Quantitative easing

By Eric Lonergan

Despite running a large budget deficit in each of the past three years, the net debt of the UK government has barely risen.

The distinction between gross and net debt is central to any consideration of a government’s solvency. Gross debt usually refers to the total stock of current non-contingent financial liabilities of government, principally bonds outstanding, and net debt subtracts liquid financial assets held by government departments, such as foreign exchange reserves or holdings of government bonds.

Net debt is the basis for any calculation of fiscal solvency, as long as the assets held by government are highly liquid. If departments within the government hold gilts, it makes sense to net them off the stock of debt, because the government is making interest and principal payments to itself. Read more

Roger E A Farmer, Distinguished Professor and Chair, UCLA Department of Economics

The US recovery has stalled, the UK has fallen back into recession and most of Europe is mired in a debt quagmire to which there appears to be no quick exit. It is against this background that Charles Evans, president of the Federal Reserve Bank of Chicago, has come out aggressively in favor of additional Fed actions. Read more

In August of 2010, I argued on this forum that the Fed should expand its policy of Quantitative Easing. By now the US is well into a programme that, by the end of June 2011, will have added $600bn to the Fed’s balance sheet. There is widespread discussion of what to do next. Read more

Ben Bernanke, US Federal Reserve chairman, has announced that the Fed is about to go on a $600bn spending spree by buying $75bn of treasury bonds every month for eight months. Not all of the members of the Federal Reserve Open Market Committee agree that a second round of quantitative easing is a good idea. Read more

Shankar Acharya

Suddenly this month the esoteric world of international finance is resonating to the clash of currencies. On September 27 Brazil’s finance minister stated that an “international currency war” has erupted. In its October 16 issue the London Economist put “Currency wars” on its cover, with evocative imagery of an aerial dogfight between paper planes of currency notes from different countries. Read more

There is a widespread perception that quantitative easing is synonymous with increasing the money supply. But it is more than that. Read more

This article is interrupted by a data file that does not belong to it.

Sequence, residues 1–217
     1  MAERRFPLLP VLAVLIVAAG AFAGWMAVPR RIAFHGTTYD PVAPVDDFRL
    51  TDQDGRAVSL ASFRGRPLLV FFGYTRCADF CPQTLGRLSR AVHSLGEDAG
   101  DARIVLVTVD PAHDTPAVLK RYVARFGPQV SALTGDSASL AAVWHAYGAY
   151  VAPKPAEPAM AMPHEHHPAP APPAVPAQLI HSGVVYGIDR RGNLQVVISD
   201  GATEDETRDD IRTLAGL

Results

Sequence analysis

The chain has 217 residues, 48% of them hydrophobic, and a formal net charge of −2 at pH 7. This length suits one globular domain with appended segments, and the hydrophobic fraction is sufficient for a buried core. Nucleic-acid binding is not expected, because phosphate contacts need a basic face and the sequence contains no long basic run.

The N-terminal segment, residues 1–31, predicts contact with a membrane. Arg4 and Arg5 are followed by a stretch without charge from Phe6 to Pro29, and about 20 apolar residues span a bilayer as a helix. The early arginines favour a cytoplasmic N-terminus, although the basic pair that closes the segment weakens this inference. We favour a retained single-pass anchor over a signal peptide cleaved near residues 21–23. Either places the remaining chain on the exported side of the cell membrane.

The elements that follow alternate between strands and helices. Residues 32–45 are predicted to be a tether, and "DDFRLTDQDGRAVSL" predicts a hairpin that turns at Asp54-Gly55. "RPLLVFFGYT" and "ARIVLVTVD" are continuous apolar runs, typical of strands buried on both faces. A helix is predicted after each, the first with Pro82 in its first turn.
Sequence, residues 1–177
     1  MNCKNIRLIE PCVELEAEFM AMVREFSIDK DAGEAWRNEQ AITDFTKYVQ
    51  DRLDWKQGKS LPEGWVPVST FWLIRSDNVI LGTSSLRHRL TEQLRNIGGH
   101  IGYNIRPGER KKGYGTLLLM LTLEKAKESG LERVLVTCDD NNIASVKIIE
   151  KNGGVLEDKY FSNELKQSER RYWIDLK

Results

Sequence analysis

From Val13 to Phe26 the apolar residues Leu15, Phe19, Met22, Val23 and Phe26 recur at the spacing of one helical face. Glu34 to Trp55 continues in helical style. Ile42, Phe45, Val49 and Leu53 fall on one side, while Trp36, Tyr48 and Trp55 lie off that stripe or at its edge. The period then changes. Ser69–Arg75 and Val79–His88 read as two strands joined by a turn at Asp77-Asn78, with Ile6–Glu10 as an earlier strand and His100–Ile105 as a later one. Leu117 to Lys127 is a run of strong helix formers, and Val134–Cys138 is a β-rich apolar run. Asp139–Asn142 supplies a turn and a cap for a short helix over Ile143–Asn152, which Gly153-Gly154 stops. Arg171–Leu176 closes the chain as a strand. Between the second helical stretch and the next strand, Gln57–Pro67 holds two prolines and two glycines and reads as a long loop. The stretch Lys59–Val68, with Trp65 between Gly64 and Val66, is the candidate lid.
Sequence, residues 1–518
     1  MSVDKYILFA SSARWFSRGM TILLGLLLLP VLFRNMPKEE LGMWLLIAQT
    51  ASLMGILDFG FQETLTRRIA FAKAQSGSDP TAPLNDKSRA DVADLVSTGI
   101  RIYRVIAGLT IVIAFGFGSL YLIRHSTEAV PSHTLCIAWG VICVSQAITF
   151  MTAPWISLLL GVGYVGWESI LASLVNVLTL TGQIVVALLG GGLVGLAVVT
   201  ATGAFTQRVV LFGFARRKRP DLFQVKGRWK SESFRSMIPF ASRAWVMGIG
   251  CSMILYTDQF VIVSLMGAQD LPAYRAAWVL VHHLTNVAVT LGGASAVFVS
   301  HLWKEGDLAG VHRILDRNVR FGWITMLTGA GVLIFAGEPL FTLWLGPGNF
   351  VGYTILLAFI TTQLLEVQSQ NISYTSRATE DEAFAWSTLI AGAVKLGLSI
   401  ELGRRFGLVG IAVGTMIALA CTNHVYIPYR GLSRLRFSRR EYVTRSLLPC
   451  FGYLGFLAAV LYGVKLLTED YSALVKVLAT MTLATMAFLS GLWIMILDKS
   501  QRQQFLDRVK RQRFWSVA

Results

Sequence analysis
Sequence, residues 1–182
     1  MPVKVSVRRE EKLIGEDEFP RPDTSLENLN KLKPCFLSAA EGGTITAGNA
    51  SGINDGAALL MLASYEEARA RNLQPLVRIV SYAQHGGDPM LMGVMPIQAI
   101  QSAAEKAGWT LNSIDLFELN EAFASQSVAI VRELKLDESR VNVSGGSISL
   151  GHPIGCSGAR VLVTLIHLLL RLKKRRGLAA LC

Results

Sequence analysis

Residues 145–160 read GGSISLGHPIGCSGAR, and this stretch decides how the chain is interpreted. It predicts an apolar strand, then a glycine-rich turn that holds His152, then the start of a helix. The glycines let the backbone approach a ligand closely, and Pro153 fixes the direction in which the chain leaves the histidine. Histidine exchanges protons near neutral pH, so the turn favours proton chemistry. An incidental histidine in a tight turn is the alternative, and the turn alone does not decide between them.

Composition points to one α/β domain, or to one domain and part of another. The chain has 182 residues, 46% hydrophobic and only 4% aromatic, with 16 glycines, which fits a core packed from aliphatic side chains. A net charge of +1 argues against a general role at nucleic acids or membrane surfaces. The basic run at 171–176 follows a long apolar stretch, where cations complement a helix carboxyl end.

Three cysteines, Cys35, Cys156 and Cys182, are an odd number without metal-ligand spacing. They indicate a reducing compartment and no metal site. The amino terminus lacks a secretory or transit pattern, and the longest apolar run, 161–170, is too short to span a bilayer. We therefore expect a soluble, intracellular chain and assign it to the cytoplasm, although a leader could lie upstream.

Update: Read Prof Farmer’s response to readers’ comments

By Roger E. A Farmer

I argue in this piece that:

  • Quantitative easing should be expanded
  • Even if the Bank of England were to buy the entire UK national debt that this policy would not be inflationary
  • The global recovery is faltering and an expansionary policy is needed to encourage private investors to create jobs
  • Additional quantitative easing could save as much as £38.5bn a year in interest costs to the taxpayer

May 18, 2006 was an important day. It was the day when the Bank of England began to pay interest on reserves. In October 2008 the Fed followed suit. This monumental change in policy gave the Bank an important new tool in its arsenal. It allowed the Bank to influence the economy not just through expansion or contraction of the stock of money, but also through the composition of its balance sheet. Read more

By Brendan Brown

There is a magic monetary wand out there which could accelerate economies along the road to prosperity out of the widespread destruction wrought by the global credit bubble.

This wand is not the creation of another monetary time-bomb labelled “quantitative easing”; rather the source of magic is an emergency conversion of banknotes. Read more

By Roger E. A. Farmer

According to a widely-held consensus view, the world is slowly emerging from the Great Recession of 2008. Growth in China is projected to top 8 per cent in 2009. Australia raised the interest rate on the Australian dollar last week and the US and UK economies are showing signs that unemployment growth has slowed even though the unemployment rates in both countries are very high. Sometime soon, perhaps in the spring of 2010, perhaps earlier, the Fed, the European Central Bank, and the Bank of England are likely to respond to the perceived global recovery by reducing the sizes of their balance sheets and raising interest rates on overnight loans. Read more

By Stephen Grenville

With the US official interest rate now in effect zero, there is much talk of monetary policy “running out of ammunition” and “pushing on a string”. Has monetary policy become impotent in the US and Japan? Does a similar fate await the rest of us? Read more